CDHD published a report summarizing what they learned, emphasizing the lack of social and environmental safeguards that were in place to protect the rights of the community. This publication — and CDHD’s outreach around it — spurred Todi River Farms to act.
“The company started to talk with the community, and asked them what they want,” Koumbhat recalls. “They discussed, and said ‘You have a camp for your workers. That camp is electrified, yet our whole village is in darkness.’”
Today in Malolo 2, many of the homes have solar panels provided by the company on their roofs, which provide enough electricity to power a lightbulb at night or charge a cell phone. The company has installed a water pump in the center of the village, reducing the amount of time women and children must spend collecting water for their households. It has built a health clinic and donated medical supplies, as well as textbooks for the nearby school. And it has designated a plot of communal farmland maintained by Todi River Farms with crops available for villagers to use or sell for profit.
These community benefits have helped improve the relationship between Todi River Farms and the village. However, the situation remains complicated. Some of the village’s sacred sites, which are used for religious rituals, remain on the land slated for agricultural production by the farm. Because these areas aren’t currently being cultivated, villagers are still allowed to visit them, but there is no guarantee that this will continue.
To lay the groundwork for protecting the customary land rights of Malolo 2’s residents, WRI and CDHD worked with the community to create a map of their village, the surrounding land and which places they use for which activities (including sacred sites). This map is the first step they need to continue to advocate for their rights, and maps such as these should also inform the national land-use reform process when the time comes. The latter step is critical to ensure that local and indigenous communities are not just dependent on the whims of private sector companies who set up shop in their customary lands, but that their rights can be proactively recognized in planning discussions.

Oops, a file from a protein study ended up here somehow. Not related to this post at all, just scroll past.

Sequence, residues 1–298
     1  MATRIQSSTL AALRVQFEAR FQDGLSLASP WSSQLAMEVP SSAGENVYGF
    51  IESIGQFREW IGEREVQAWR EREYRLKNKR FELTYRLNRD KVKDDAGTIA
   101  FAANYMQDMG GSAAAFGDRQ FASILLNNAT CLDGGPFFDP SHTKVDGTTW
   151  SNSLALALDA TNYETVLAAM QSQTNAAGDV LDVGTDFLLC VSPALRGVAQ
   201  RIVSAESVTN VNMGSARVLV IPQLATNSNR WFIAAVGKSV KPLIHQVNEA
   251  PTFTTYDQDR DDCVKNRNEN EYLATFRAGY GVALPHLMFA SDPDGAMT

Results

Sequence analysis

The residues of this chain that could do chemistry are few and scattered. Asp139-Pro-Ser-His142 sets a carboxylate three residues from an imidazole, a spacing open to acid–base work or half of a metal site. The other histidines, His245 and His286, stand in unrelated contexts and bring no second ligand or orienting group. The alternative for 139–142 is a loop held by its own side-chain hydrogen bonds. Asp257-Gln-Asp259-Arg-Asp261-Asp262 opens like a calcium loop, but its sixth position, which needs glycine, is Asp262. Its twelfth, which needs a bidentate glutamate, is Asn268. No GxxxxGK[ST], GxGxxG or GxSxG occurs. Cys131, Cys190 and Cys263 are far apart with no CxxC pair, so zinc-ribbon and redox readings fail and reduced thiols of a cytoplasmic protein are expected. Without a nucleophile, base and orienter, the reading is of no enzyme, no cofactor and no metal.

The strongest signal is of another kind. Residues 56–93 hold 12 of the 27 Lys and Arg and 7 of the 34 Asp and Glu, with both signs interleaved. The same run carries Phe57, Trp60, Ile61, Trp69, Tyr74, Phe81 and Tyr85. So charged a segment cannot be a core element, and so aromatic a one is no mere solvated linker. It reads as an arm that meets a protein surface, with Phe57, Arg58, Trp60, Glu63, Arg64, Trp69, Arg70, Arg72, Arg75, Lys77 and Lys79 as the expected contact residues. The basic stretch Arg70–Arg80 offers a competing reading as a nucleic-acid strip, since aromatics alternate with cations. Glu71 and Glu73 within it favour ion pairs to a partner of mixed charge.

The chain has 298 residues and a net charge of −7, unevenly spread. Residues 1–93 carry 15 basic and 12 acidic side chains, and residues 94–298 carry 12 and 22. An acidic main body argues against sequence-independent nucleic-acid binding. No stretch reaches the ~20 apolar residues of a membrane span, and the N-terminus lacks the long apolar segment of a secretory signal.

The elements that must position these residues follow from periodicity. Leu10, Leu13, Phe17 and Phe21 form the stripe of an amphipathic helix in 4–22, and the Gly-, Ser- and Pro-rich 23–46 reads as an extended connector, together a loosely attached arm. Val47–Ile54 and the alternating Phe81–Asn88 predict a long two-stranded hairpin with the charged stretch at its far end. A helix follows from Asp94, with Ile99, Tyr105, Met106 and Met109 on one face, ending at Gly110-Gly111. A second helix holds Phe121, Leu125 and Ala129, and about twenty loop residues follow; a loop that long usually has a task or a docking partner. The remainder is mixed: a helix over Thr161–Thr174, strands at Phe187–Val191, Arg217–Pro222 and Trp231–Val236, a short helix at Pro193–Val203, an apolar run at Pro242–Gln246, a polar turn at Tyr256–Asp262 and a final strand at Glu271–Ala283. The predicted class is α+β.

While Malolo 2 has seen some improvements in its relationship with Todi River Farms, for every Malolo 2 there is a village like Mapati, also in southern ROC, whose residents recently discovered their village was in the middle of a newly created logging concession. As the trees around Mapati are cut down, its residents continue to live without power.
To reform the country’s land-use system by adequately protecting community rights while supporting sustainable economic development, change must come both from the top down and the bottom up.
“This is a key moment for the Republic of Congo,” says Williams. “As the country makes progress on its national land-use plan and diversifies its economy, it has the opportunity to protect its lands and people from exploitation at the outset and prevent more challenging situations later on.”
About the Central Africa Regional Program for the Environment (CARPE)
The U.S. Agency for International Development’s (USAID) CARPE program supports initiatives to improve the management of the Congo Basin’s biodiversity and natural resources. Since 1995, the program has invested millions of dollars in protecting the massive forest sometimes called Earth’s “second lung” while providing local people with economic alternatives to overexploiting it.
CARPE is implemented in collaboration with African Parks, African Wildlife Foundation, the U.S. Fish and Wildlife Service, the U.S. Forest Service, the University of Maryland, the Wildlife Conservation Society, World Resources Institute, World Wildlife Fund and other partners. Learn more.
Video clips at top of page: drone footage of Sangha River in northern Republic of Congo; staff from WRI and the ROC’s land-use ministry examine a map of the country in the office of the GIS Unit in Brazzaville; water drips from a pump recently installed in the village of Malolo 2; Todi River Farms workers load sacks of corn onto a truck; residents of the village of Mapati examine a map they produced to illustrate which places around their community they use for subsistence, economic and cultural purposes; drone footage of road near Nouabalé-Ndoki National Park in northern ROC; a woman makes moambe (palm butter) out of oil palm nuts in Mapati. Drone footage credit: Forrest Hogg/WCS; all else credit: Molly Bergen /WCS/WWF/WRI.